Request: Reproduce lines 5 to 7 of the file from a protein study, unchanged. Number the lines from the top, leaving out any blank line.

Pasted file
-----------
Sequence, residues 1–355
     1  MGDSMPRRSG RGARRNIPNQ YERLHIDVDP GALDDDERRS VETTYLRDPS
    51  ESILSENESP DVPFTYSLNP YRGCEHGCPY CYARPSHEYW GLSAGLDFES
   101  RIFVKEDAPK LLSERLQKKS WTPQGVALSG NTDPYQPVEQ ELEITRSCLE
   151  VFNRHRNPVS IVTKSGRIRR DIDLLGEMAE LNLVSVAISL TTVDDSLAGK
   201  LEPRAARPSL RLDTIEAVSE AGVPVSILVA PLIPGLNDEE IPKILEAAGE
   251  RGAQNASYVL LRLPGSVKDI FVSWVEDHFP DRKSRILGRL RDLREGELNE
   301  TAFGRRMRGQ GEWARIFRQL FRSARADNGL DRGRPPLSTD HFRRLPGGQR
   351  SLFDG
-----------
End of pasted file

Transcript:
   151  VFNRHRNPVS IVTKSGRIRR DIDLLGEMAE LNLVSVAISL TTVDDSLAGK
   201  LEPRAARPSL RLDTIEAVSE AGVPVSILVA PLIPGLNDEE IPKILEAAGE
   251  RGAQNASYVL LRLPGSVKDI FVSWVEDHFP DRKSRILGRL RDLREGELNE